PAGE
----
While that's painful for Huskies fans it does provide the NCAA ammunition for anyone who suggests they won't hurt a power program. Here they even retroactively applied new standards to existing scores, preferring punitive measures over perfect fairness.

The dates! Spring practice dates:

Michigan's spring camp begins March 17, according to a team spokesman, and culminates with a public scrimmage on April 14.


via umgoblue

Goodnight, sweet prince. Mike Comrie is calling it a career:

TORONTO -- Mike Comrie, who twice scored at least 30 goals in a season, retired from the NHL on Monday after a third hip operation in five years.

The 31-year-old center announced his retirement two weeks after his latest hip procedure, saying in a statement he was no longer able to "manage the rigors of NHL play." Comrie was limited to 127 games over the last three seasons.

My first year at Yost was also Comrie's first and the magic he worked with the puck was a major reason I fell in love with both Michigan hockey and 5'8" puck wizards. Here's to Comrie lighting it up at an alumni game in the near future.

This is not 'Nam… let's make it more like 'Nam. The NCAA would like to slash out various bits of their rulebooks to pave the way for college town Taj Mahals:

BIRMINGHAM, Alabama -- Bring back athlete-only dorms with unlimited food. Let coaches talk publicly about their recruits. Allow transfers in all sports to immediately play.

Those are among the ideas being discussed as the NCAA tries to produce a slimmer and more efficient rulebook, according to documents obtained by The Birmingham News.

While I'm generally for athletes getting more freedom and money from the NCAA, I dislike the near-free-agency immediate transfers create. I'd love it if kids who got Sabaned could transfer immediately; for everyone else the one-year sit out seems appropriate. Even coaches who are taking advantage of the grad-year transfer rule like Izzo seem to think it's icky.

Everything else, whatever. The parade of secondary violations distracts from actually important matters. In a world where everyone has Facebook communication restrictions on phone calls and texting seem like laws prohibiting whipping your horse.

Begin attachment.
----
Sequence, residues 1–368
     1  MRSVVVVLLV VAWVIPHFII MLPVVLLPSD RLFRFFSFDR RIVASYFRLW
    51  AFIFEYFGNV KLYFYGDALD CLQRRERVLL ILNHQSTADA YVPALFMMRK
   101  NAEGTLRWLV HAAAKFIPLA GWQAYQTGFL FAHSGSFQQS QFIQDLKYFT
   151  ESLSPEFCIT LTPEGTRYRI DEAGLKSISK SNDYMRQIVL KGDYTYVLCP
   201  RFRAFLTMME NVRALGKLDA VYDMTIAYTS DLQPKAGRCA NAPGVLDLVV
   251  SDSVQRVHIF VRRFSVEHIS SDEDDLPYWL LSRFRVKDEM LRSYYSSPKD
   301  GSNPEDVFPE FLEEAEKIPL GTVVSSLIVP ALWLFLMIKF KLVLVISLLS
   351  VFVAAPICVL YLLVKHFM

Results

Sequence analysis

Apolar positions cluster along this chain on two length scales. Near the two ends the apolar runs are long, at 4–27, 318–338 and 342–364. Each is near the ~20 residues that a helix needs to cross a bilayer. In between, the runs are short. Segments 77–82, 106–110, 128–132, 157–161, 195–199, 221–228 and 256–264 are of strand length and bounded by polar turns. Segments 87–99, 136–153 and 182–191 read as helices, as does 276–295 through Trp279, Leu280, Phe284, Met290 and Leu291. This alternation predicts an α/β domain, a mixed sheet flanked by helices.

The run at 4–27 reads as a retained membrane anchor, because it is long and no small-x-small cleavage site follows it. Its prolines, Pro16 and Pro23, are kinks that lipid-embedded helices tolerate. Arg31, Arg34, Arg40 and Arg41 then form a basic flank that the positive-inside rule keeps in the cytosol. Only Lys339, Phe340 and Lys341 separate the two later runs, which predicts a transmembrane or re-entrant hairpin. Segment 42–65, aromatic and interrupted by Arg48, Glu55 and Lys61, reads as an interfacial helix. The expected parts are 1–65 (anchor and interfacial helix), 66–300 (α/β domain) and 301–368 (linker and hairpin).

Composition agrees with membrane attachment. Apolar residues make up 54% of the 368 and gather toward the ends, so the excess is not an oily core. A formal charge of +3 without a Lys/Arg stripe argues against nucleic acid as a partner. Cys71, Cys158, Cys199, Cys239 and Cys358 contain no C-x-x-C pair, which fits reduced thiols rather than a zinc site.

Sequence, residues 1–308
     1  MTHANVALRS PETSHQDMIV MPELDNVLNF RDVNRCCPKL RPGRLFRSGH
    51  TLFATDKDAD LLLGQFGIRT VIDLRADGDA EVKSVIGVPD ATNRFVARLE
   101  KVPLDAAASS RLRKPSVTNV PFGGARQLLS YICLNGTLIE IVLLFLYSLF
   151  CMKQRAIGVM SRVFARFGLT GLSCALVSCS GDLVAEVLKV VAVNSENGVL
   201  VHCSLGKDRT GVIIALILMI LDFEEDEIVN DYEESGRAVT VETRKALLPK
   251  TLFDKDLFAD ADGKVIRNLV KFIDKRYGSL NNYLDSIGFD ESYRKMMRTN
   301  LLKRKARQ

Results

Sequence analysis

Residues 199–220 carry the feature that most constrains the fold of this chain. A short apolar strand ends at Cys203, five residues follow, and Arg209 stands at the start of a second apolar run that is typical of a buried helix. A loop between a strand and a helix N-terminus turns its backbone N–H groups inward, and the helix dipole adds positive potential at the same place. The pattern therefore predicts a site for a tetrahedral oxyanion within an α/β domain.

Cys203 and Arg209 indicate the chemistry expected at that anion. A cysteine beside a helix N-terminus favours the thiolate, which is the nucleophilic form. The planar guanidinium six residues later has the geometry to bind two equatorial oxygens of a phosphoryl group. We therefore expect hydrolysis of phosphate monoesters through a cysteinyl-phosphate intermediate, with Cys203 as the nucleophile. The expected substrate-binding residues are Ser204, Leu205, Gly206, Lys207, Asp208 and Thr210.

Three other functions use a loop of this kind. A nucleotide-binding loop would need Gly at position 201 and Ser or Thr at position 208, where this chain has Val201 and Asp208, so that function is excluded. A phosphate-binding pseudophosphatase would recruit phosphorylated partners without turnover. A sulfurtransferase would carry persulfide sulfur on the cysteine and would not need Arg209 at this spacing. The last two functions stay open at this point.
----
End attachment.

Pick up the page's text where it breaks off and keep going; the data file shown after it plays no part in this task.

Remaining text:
Nein, Doc Sat, nein. Hinton's suggestions for a four-team playoff:

  • Keep the BCS ranking system.
  • Put the semifinals at bowl sites.
  • Bid out the championship game a la the Final Four/Super Bowl, etc.
  • Restrict the field to conference champions (or Notre Dame)

He admits the first is likely to cause a spit-take; I think all but #3. It's unfortunate that many years the Rose Bowl will serve as a consolation prize for the second-place Big Ten team, but that's a sacrifice I'm willing to make for the prospect of home sites with real atmosphere for semifinals both as a person who will watch on TV and one who would attend any time Michigan makes it, home or road.


this >>>>>>> bowl game

I've mentioned this before: I'm probably not going to Dallas this year because I can get a generic NFL stadium experience at many bowl games. If the game was in Tuscaloosa you could not stop me from going. If you shot me in the head, my zombie would rise up and hitchhike to Alabama. A playoff semifinal on the road in Austin or Baton Rouge or Tallahassee is a once-in-a-lifetime opportunity far superior to any bowl game. And at home? Good god.

As far as conference champs only, I'm torn about that. Notre Dame remains a problem. If a one loss ND team gets in over a one-loss major conference team ranked higher than them because that team didn't win something ND doesn't even try to, that would be annoying. Given the state of college football it's a much lesser threat than, say, a team that didn't win its own division getting in ahead of an impressive one-loss conference champion.

Etc.: ESPN post asking you to vote on your most disliked Big Ten coach features Bielema, Dantonio, Hoke, and Meyer. If someone on that list seems out of place it's because three of them are likely to coach in a future Rose Bowl.